Now, she is one of the sharpest GOP critics of the Republican health bill. She said Monday it would deal "a devastating blow" to rural hospitals and spike job losses — countering Toomey's dismissal of those concerns just hours earlier in a TV interview.
The differences illustrate the fissures cleaving Republicans. About 10 GOP senators have announced their opposition to the initial bill Toomey helped write. With Democrats uniformly opposed, Republicans can afford only two defections.
Leaders are huddling this week to try to develop a revised version and bring it to a vote as soon as next week.
One change, urged by moderates, would leave in place some ACA taxes on people with high incomes — an idea Toomey opposes but said was not a deal-breaker.
Most Republicans appear ready to support the Senate bill. And Toomey is not the most conservative voice on the issue: Some opponents, such as Texas' Ted Cruz and Utah's Mike Lee, want the GOP bill to go further in ripping up the ACA.
Medicaid's expansion has provided health coverage to more than 700,000 Pennsylvanians, Gov. Wolf has stressed, more than 124,000 of whom received treatment for drug or alcohol addiction as the state copes with an opioid crisis.
"How could any Republican senator vote to destroy the Affordable Care Act when it has helped so many of their constituents?" Sen. Bernie Sanders (Ind., Vt.) wrote on Twitter recently.
Nationwide, 22 million fewer people are expected to have health insurance by 2026 under Senate Republicans' original plan, the nonpartisan Congressional Budget Office estimated, compared with current law. Some of the largest reductions would hit Pennsylvania, according to the Urban Institute, a think tank. That's due in large part to what the CBO projects as a $772 billion cut in projected Medicaid spending, though Toomey has sharply disputed its methodology and predictions.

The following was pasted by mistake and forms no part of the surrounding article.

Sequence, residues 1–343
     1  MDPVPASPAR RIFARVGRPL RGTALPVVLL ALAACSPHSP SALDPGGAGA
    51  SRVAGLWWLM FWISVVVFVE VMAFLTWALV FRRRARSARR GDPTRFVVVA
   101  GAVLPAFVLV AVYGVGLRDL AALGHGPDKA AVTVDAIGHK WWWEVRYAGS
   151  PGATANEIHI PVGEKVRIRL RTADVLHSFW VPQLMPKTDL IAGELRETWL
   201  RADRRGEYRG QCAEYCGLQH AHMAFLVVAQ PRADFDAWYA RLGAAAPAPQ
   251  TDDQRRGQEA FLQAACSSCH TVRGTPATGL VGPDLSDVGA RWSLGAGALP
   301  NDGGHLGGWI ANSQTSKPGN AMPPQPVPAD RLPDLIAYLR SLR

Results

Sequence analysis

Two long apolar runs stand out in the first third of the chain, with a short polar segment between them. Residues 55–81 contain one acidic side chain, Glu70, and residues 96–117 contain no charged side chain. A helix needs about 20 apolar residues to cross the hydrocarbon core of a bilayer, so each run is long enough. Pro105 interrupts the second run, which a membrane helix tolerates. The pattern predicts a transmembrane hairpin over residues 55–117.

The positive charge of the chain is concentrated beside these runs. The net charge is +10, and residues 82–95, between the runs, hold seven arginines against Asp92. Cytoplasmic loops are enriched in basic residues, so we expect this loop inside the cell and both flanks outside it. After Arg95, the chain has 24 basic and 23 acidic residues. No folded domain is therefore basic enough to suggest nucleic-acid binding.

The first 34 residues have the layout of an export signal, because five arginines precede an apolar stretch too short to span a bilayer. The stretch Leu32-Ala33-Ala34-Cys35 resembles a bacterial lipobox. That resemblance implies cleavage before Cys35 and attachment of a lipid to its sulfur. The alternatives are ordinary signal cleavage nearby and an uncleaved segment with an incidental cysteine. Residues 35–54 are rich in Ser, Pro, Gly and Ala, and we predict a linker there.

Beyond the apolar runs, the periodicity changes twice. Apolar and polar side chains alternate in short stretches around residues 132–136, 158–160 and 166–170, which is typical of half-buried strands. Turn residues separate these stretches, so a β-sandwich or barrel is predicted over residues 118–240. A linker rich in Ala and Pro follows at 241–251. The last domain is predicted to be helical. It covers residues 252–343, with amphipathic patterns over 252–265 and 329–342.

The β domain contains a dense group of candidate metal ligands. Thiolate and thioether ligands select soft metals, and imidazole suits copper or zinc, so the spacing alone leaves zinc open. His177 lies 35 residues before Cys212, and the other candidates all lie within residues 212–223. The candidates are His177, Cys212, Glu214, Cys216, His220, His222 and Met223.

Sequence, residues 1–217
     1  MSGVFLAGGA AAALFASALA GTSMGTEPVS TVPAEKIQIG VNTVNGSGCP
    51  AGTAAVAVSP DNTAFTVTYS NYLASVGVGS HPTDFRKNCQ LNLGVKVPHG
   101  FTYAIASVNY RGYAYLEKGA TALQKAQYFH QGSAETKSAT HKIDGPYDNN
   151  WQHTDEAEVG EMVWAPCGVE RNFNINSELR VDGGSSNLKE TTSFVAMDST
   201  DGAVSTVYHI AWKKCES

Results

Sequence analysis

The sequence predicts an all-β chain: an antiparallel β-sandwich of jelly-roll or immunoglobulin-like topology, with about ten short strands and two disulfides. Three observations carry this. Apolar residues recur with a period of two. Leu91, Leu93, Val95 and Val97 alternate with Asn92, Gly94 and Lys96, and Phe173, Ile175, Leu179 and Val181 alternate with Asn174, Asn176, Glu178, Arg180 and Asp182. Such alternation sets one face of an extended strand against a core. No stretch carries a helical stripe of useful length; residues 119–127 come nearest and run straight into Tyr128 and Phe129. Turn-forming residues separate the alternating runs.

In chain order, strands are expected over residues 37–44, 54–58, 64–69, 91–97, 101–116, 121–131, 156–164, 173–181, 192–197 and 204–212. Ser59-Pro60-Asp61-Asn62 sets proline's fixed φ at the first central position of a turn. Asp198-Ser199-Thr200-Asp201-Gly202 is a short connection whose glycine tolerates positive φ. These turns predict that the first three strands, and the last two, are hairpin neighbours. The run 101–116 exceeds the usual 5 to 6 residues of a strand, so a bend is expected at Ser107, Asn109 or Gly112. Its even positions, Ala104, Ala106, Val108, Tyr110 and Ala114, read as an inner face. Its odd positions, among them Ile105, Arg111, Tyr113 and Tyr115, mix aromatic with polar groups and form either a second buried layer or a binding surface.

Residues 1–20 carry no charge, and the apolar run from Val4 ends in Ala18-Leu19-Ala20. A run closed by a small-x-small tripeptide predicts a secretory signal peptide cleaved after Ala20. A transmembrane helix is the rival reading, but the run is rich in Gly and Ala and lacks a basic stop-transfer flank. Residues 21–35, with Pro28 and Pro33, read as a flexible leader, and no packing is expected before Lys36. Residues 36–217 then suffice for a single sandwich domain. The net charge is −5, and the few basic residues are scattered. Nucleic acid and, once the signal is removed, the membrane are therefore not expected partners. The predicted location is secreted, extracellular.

Pennsylvania would lose $4.5 billion in annual Medicaid funding once all the GOP changes take effect, in 2025, according to Wolf's office. In a state where officials already struggle to pass budgets, future administrations would have to either come up with those extra dollars or cut services.
"In our state, everywhere I look there's an adverse impact when it comes to Medicaid," said Pennsylvania's other senator, Democrat Bob Casey.
Toomey has focused on other numbers: a nearly $700 billion federal deficit and $385 billion spent on Medicaid. It's expected to grow to more than $655 billion by 2027, far outpacing the economy.
Tellingly, while the bill's opponents have targeted several swing-state Republicans, national advocacy groups working against it have not tried to pressure Toomey, who has the political cushion of a fresh six-year term.
Conservative columnist George Will hailed Toomey's proposal — tying Medicaid to a lower measure of inflation — as potentially "this century's most significant domestic policy reform." The highly technical shift would save the federal government, and cost states, billions over time.
It's one of several changes to Medicaid that Republicans are proposing and that Toomey expects to remain in the new bill — despite the internal objections.
Toomey argues that coverage won't be affected if states come up with their "fair share" of funding. Democrats say it's unrealistic to expect governors to find billions of dollars in new money.
Some Republicans have made the same point.